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TitleTectonomagmatic evolution of the southern Great Bear magmatic zone (Northwest Territories, Canada) : Implications on the genesis of iron oxide-alkali-altered hydrothermal systems
AuthorMontreuil, J F; Corriveau, L; Davis, W J
SourceEconomic geology and the bulletin of the Society of Economic Geologists vol. 111, 2016 p. 2111-2138,
Alt SeriesEarth Sciences Sector, Contribution Series 20150285
PublisherSociety of Economic Geologists
Mediapaper; on-line; digital
File formatpdf
ProvinceNorthwest Territories
NTS86C; 86D; 86E; 86L; 86K
AreaSouthern Great Bear Magmatic Zone
Lat/Long WENS-119.0000 -116.0000 67.8333 63.0000
Subjectsgeochemistry; geochronology; potassium; orogenies; magmatism; iron oxides; copper; gold; mineralization; deformation; Southern Breccia; Lou assemblage; Mazenod assemblage; Bea assemblage; Sue-Dianne deposits
Illustrationslocation maps; geological sketch maps; diagrams; stratigraphic columns; graphs; plots; photographs; tables
ProgramTargeted Geoscience Initiative (TGI-4), Uranium Ore Systems
Released2016 11 16
AbstractThe Great Bear magmatic zone in northwestern Canada is a Paleoproterozoic volcano-plutonic belt of high K, calc-alkaline to shoshonitic affinity interpreted as a continental arc that formed between 1.87 and 1.85 Ga following the short-lived Calderian orogeny. Tectonomagmatic evolution of this magmatic zone favored the formation of multiple iron oxide and alkali alteration systems within a time frame of 10 m.y., as constrained geochronologically within error between 1875 and 1865 Ma. This illustrates a temporal and genetic relationship between shoshonitic to high K, calc-alkaline continental arc magmatism and the formation of iron oxide-rich deposits and alkali alteration associated with iron oxide-copper-gold (IOCG) mineralization. Early rhyolitic magmatism formed the basal sequence of the Lou assemblage under a compressive (or transpressive) tectonic regime. Between 1872 and 1867 Ma, an apparent higher magmatic production is linked to a marked change in composition of the volcanic and plutonic rocks, from rhyolite to intermediate/felsic and locally mafic. Compositional homogeneity of the intrusive and volcanic rocks of the Mazenod and Bea assemblages, termination of ductile to brittle-ductile deformation along the main deformation zones, and transition to widespread brittle fracturing and breccia formation are interpreted to reflect a change in the regional stress regime, from compressional/transpressional to extensional/transtensional. This change in stress regimes is associated with iron oxide-rich mineralization that initially formed the NICO Au-Bi-Co deposit, followed by IOCG mineralization in the NICO and Sue-Dianne deposits as well as albitite-hosted U mineralization in the Southern Breccia.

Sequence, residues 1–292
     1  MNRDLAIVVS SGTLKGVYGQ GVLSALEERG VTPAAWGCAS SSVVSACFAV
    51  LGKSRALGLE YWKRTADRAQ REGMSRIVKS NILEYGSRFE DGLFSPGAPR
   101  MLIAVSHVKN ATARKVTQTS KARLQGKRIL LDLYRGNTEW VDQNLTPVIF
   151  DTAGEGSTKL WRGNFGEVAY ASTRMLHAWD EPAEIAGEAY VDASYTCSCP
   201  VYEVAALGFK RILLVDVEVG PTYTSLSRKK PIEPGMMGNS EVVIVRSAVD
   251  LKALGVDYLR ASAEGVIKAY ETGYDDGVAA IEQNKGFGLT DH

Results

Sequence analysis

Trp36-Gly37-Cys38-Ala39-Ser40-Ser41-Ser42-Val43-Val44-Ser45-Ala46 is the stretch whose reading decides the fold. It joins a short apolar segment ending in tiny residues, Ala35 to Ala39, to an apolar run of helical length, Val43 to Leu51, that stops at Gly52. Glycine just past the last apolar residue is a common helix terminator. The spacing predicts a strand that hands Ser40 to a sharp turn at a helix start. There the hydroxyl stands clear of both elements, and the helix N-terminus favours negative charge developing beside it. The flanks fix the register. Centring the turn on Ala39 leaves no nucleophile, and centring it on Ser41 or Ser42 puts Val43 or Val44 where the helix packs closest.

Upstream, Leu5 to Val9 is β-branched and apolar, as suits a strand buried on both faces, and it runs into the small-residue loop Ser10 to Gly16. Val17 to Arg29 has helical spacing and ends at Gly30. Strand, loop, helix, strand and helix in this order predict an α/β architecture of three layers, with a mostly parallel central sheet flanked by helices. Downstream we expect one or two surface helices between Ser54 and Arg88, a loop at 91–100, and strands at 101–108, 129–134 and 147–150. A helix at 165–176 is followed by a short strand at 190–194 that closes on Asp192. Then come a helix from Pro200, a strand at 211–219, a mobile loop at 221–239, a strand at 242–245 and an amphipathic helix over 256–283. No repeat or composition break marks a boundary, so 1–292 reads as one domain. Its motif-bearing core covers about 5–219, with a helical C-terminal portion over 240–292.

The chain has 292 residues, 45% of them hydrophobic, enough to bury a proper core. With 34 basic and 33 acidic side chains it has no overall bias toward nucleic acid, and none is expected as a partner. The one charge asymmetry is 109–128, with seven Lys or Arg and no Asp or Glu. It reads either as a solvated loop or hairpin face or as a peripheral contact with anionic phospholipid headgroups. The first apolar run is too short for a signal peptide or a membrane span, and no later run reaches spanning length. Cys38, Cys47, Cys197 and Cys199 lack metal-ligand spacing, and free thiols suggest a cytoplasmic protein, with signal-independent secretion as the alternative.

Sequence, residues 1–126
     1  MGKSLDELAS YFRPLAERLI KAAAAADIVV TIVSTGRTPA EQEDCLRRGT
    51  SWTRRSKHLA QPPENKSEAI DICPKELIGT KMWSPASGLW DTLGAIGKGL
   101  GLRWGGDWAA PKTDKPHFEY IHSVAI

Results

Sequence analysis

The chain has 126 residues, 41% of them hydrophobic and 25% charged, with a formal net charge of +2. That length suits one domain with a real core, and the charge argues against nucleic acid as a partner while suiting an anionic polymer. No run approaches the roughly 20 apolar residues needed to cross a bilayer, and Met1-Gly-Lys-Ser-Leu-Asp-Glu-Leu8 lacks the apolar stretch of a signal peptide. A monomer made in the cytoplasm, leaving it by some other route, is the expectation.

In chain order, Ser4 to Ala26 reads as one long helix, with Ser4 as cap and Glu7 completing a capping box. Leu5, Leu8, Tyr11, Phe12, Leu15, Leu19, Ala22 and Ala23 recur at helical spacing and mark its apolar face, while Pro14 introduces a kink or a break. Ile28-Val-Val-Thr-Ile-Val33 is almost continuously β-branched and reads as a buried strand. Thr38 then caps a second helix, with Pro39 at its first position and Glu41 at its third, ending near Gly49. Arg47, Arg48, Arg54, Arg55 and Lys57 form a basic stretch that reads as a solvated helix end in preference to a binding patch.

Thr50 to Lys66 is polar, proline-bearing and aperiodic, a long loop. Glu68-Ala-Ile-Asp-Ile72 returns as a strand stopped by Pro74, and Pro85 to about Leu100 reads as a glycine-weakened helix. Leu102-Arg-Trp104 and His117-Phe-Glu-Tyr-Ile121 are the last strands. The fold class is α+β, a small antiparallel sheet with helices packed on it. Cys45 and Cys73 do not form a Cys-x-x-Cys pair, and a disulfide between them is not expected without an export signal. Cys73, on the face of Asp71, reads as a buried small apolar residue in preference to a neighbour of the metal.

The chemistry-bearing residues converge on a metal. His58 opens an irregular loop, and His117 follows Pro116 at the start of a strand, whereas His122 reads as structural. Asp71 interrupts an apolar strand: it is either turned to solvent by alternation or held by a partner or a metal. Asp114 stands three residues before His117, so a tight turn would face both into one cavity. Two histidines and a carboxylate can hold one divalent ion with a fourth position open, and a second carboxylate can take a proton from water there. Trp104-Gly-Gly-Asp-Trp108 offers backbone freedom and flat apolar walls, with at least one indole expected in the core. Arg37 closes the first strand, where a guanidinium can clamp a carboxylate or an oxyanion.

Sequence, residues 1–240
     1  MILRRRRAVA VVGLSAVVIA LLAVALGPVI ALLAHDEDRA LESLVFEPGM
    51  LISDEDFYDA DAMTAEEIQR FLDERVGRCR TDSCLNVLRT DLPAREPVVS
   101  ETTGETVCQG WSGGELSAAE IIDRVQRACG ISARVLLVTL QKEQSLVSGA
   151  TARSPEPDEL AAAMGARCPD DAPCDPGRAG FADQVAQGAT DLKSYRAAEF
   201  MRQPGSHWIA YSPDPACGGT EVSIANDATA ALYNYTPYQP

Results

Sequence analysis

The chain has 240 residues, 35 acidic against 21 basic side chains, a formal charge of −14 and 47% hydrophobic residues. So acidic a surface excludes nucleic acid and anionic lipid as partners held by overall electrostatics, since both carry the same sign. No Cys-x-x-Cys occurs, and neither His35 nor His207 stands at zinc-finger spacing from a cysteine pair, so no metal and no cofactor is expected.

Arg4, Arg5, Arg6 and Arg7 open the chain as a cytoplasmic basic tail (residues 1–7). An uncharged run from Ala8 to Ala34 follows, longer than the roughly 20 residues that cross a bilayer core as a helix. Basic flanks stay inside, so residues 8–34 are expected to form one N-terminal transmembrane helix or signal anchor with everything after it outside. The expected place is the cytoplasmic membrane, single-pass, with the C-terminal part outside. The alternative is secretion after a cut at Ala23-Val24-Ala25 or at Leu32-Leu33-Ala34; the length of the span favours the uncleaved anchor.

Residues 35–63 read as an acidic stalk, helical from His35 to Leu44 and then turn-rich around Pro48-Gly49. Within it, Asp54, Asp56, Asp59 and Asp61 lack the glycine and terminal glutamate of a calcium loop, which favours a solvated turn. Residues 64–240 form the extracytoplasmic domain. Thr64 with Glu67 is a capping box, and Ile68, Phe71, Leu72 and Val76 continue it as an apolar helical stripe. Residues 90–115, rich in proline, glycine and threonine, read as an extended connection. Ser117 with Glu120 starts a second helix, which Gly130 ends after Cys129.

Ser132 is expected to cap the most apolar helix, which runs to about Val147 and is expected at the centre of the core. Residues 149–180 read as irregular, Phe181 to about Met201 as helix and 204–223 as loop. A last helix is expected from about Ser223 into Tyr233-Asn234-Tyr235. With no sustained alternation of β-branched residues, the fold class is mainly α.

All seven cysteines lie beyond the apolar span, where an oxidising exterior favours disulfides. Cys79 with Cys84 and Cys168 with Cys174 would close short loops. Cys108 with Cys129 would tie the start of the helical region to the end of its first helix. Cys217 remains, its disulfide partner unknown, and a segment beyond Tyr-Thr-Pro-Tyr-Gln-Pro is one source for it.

Summary(Plain Language Summary, not published)
The Targeted Geoscience Initiative (TGI) is a collaborative federal geoscience program that provides industry with the next generation of geoscience knowledge and innovative techniques to better detect buried mineral deposits, thereby reducing some of the risks of exploration. This contribution of the Targeted Geoscience Initiative program is part of a series of scientific papers submitted for a special issue on polymetallic iron oxide deposits of Missouri and the Northwest Territories organized by USGS and Geological Survey of Canada scientists. The paper uses the regional geoscience outcomes of the former Geomapping for Energy and Minerals program in the Great Bear Lake region. The research was conducted in collaboration with the Northwest Territories Geoscience Office, private sector exploration companies (Fortune Minerals Ltd), the Tlicho community of Gamètì, and academia.